Discovery Rules with Teeth
Here is a great rule with teeth: If you do not disclose ESI or documents under Federal Rule of Civil Procedure Rule 26(a), they are automatically excluded under Federal Rule of Civil Procedure Rule 37(c)(1).
In Melczer v. Unum Life Ins. Co. of Am., 2009 U.S. Dist. LEXIS 82549 (D. Ariz. July 16, 2009), the Plaintiff successfully excluded 526 documents that were untimely disclosed under Federal Rule of Civil Procedure 37(c)(1). Melczer, 1-3.
Federal Rule of Civil Procedure Rule Rule 26(a)(1)(A)(ii)
The Defendants received the documents in May 2008. Melczer, 3. These documents were not disclosed to the Plaintiff, as required by Federal Rule of Civil Procedure Rule 26(a)(1)(A)(ii). The Rules states, in relevant part:
“a copy–or a description of category and location — of all documents, electronically stored information, and tangible things that the disclosing party has in its possession, custody, or control and may use to support its claims or defenses, unless the use would be solely for impeachment.”
Put it in Writing: Federal Rules of Civil Procedure Rules 26(a)(4) and 26(g)(1)
Disclosures must be “in writing, signed, and served.” Melczer, 2, citing Federal Rule of Civil Procedure Rule 26(a)(4). The disclosure must be signed by an attorney. Federal Rule of Civil Procedure Rule 26(g)(1).
To make life exciting, the Defendants orally told the Plaintiffs about the documents in October 2008….before the close of discovery that month. Melczer, 2.
Oral disclosure doesn’t count under the Federal Rules of Civil Procedure, because the Rules require disclosure to be in writing and signed. Melczer, 3. As such, the disclosure was untimely.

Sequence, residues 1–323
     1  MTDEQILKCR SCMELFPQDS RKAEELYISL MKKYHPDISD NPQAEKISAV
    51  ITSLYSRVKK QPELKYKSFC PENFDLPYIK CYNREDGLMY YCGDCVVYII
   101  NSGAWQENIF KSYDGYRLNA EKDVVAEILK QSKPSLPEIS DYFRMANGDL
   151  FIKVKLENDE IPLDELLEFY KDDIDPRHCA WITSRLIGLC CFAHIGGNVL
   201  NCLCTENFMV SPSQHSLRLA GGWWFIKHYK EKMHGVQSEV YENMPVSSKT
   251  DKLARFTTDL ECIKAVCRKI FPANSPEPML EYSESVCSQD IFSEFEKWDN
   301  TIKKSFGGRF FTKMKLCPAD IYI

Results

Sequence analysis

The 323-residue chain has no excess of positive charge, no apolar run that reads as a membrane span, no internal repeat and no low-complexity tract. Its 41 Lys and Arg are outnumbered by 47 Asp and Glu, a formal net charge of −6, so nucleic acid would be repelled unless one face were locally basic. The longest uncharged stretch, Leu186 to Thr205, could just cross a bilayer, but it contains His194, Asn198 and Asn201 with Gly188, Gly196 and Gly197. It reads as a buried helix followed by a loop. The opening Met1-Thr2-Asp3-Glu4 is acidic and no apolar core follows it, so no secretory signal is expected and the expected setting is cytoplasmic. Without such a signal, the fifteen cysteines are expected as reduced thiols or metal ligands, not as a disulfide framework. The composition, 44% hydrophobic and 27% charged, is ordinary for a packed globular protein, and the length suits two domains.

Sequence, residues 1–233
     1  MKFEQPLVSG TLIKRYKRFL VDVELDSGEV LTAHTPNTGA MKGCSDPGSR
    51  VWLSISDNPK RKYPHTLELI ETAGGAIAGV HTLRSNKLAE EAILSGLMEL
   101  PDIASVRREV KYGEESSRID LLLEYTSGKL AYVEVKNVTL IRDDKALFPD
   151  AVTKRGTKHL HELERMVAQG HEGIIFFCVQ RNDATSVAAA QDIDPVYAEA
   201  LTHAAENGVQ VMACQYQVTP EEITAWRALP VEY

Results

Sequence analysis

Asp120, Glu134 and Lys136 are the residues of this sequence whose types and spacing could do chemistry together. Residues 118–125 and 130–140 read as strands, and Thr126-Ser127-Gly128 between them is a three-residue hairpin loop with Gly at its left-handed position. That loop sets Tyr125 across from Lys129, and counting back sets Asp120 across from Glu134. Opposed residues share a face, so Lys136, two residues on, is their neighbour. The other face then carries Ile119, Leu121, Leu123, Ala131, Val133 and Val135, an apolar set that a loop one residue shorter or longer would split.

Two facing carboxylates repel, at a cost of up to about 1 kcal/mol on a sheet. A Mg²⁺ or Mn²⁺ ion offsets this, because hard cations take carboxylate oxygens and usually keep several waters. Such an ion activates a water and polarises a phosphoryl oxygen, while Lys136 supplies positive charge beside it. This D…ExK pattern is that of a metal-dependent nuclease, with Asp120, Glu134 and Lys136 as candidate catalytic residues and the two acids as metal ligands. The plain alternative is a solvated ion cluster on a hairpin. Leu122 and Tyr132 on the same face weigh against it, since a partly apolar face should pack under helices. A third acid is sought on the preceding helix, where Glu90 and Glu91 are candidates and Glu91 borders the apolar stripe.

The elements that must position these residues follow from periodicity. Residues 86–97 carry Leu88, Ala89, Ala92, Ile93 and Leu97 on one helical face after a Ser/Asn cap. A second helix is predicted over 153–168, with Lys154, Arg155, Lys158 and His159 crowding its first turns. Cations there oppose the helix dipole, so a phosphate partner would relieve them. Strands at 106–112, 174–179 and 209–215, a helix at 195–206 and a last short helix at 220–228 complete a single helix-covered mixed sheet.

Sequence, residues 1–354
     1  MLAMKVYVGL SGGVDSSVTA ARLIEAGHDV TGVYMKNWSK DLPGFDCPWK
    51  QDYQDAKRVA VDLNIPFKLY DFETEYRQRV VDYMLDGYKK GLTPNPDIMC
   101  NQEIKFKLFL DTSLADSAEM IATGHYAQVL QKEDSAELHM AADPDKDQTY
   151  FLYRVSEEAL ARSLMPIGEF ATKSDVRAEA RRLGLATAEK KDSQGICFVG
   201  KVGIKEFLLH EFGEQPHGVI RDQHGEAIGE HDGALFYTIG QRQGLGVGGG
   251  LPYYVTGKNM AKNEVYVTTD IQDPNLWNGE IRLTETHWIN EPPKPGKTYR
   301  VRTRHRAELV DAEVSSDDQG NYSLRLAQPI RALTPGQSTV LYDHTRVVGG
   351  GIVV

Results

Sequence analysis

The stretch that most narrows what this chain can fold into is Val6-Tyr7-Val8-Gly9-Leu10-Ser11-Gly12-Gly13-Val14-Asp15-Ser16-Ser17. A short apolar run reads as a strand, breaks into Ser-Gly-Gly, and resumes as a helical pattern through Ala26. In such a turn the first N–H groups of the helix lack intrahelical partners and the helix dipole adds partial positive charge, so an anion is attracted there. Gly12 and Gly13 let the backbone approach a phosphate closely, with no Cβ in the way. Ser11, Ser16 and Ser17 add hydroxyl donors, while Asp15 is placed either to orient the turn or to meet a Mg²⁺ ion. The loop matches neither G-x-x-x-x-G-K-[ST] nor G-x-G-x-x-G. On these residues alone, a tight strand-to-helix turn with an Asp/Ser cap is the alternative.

Auto-Exclusion of Untimely Disclosures
Pursuant to Federal Rule of Civil Procedure Rule 37(c)(1), untimely disclosures must be excluded, unless there is untimely disclosure was “substantially justified or harmless.” Melczer, 2, citing Federal Rule of Civil Procedure Rule 37(c)(1).
The Defendants claimed there was substantial delay because the Plaintiffs refused to sign a stipulated protective order after the close of discovery. Melczer, 5-6. This was a self-defeating argument, since the stipulation was sought after the close of discovery. Melczer, 6.
The Court found the untimely production to not be harmless. Melczer, 8. The Plaintiffs would have sought additional discovery on the documents, which would have required discovery to be reopened. Melczer, 8-9.
The Court found the late production to be an untimely disclosure, which was neither justified nor harmless. Melczer, 10. Moreover, the remedy for an untimely disclosure is not reopening discovery, but an “automatic” exclusion under Federal Rule of Civil Procedure Rule 37(c)(1). Melczer, 10.
Bow Tie Lessons
The Courts are throwing down the gauntlet on Federal Rule of Civil Procedure Rule 26(a) violations. After preserving electronically stored information, a party must disclose ESI and documents that support their claims or defense. This could get ugly where there are thumb drives, mp3 players or any removal media.
Josh Gilliland is a California attorney who focuses his practice on eDiscovery. Josh is the co-creator of The Legal Geeks, which has made the ABA Journal Top Blawg 100 Blawg from 2013 to 2016, the Web 100 from 2017 to 2018, and was nominated for Best Podcast for the 2015 Geekie Awards. Josh has presented at legal conferences and comic book conventions across the United States. He also ties a mean bow tie.